I have early kidney disease as well and have had protein in my urine for years. To help with your questions, yes it is manageable if you follow your food program. If you keep your sugars under control and keep track of them daily you shouldn't be overly worried at this point.
As a simple form of explanation think of your blood as a circulating system on a small swimming pool. The filter is your kidneys. If you were to replace the some of the water in the pool with maple syrup you would see the pump working extra hard to do its filtering job. The higher the content of the maple syrup in the water the harder the pump has to work. The secret to a long lasting pump isn't to try to fix it when it's broken. The best thing to do is to try to keep the syrup out in the first place.
This is where your food plan, meds and exercise come in. They help move the glucose molecules into the cells where they are needed instead of letting them clog up the filtering function of your kidneys and obstructing blood flow in the tiny capillaries that supply blood to the nerves in your fingers and toes. Elevated blood glucose also affects the arterial walls and parts of our internal organs and leads to cumulative damage so ongoing control is a must. This doesn't mean you may NEVER have a square of chocolate or 1/2 cup of ice cream. It just means your food plan must be centered around good veggies, beans and lean meats along with whole grain foods like oatmeal and home made pop corn (none of that microwave butter stuff!)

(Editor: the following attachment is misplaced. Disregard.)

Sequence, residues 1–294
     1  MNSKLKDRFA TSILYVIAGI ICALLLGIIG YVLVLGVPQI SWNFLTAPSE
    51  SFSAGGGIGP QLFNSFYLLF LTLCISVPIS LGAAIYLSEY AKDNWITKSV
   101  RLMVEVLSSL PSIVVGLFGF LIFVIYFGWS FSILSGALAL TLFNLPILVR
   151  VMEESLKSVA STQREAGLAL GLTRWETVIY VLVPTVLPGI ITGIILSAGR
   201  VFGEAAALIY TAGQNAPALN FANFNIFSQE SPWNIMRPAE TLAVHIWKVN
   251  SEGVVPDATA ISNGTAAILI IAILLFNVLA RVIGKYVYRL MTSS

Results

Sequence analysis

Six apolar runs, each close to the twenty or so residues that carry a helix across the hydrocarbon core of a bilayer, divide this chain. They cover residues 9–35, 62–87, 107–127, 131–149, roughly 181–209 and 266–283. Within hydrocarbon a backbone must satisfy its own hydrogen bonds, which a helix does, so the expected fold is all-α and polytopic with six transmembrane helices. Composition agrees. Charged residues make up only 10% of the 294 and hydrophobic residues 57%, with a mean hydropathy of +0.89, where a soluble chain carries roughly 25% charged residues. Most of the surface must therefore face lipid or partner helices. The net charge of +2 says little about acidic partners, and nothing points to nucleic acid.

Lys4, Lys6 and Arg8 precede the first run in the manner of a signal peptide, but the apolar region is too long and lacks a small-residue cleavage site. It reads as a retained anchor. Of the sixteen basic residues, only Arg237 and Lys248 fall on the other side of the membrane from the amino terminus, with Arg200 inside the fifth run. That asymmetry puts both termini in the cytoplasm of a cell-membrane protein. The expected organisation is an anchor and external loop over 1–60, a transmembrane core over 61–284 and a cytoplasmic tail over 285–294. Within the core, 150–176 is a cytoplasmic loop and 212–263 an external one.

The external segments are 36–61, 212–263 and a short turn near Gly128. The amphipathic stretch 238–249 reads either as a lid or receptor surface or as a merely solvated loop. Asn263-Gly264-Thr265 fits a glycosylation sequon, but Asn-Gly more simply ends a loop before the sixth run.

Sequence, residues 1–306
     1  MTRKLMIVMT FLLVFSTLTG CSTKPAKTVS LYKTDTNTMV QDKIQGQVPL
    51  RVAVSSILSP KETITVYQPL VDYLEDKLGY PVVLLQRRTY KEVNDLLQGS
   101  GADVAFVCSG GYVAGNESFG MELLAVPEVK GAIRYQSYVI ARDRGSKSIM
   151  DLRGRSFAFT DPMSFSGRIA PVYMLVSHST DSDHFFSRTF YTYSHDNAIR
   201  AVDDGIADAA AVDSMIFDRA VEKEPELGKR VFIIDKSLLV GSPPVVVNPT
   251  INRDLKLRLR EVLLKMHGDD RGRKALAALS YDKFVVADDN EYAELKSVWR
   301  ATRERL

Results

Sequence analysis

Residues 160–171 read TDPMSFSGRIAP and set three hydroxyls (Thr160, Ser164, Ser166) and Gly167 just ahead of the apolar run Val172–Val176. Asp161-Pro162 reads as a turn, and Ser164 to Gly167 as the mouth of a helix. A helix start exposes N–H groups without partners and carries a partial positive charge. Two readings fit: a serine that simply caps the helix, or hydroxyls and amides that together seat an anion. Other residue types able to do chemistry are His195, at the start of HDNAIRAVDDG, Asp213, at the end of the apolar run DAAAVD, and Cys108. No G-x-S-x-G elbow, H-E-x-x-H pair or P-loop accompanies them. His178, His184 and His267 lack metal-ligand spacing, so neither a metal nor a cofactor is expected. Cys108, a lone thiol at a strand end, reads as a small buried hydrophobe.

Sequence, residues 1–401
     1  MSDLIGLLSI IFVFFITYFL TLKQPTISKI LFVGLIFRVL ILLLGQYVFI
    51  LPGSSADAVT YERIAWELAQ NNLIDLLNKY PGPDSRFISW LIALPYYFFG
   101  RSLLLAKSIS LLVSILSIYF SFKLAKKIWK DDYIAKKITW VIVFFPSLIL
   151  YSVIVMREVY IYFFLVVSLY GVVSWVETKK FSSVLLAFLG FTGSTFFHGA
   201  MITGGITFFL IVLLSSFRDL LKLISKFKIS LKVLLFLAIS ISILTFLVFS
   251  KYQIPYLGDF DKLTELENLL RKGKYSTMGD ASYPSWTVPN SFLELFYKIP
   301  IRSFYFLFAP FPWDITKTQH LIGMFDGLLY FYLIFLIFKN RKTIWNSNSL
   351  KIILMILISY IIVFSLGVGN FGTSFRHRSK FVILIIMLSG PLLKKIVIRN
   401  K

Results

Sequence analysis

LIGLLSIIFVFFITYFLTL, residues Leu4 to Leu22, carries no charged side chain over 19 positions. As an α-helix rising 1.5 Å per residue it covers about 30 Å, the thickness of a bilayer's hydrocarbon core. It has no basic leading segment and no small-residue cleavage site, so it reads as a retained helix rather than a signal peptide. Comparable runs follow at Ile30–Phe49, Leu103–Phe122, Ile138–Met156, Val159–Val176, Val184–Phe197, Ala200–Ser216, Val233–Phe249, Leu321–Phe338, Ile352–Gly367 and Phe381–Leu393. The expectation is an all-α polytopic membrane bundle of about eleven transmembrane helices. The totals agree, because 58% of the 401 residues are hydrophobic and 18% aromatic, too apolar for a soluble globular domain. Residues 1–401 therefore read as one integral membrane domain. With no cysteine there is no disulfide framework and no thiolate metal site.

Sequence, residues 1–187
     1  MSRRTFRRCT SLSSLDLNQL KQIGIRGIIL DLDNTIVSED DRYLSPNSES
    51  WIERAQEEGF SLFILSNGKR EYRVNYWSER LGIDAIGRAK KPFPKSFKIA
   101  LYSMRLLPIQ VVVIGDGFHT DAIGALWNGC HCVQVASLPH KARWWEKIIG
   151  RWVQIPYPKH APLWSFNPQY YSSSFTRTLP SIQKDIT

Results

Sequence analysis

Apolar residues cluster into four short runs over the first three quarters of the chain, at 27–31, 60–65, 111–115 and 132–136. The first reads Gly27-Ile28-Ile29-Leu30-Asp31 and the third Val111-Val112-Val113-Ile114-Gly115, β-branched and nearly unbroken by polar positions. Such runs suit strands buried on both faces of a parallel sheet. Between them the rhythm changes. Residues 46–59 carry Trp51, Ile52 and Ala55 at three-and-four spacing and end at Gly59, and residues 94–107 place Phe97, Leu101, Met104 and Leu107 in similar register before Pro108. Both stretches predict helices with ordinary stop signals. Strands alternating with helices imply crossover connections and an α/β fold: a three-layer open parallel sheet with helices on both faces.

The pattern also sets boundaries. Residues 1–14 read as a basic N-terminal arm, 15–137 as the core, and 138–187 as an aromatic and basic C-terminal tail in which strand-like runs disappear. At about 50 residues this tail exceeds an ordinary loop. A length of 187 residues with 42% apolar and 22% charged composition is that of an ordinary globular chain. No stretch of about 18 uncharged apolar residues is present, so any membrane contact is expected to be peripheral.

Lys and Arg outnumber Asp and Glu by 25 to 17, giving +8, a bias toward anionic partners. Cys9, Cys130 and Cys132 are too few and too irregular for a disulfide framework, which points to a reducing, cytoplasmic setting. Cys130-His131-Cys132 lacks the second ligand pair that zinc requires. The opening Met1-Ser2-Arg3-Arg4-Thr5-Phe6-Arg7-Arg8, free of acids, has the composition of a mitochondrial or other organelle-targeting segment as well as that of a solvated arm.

It also means learning what foods are really made from and totally avoiding most pre-packaged, boxed or frozen carb laden foods and learning to cook with fresh veggies, at least two per meal. It also means looking into the fat contents of foods and learning which foods are high in "friendly" monounsaturated fats or omega 3 fats and which foods are hiding trans fats or "partially hydrogenated oils" that are not body friendly (although they do improve shelf life... if you plan on living on a shelf!
Living with diabetes is a ongoing process of education, choices and self improvement. There is no magic pill that fixes everything. We have to be more diligent in paying attention to how we fuel our bodies than normals and the eventual pay off is that we get to be good for a very long time. Hope this helps.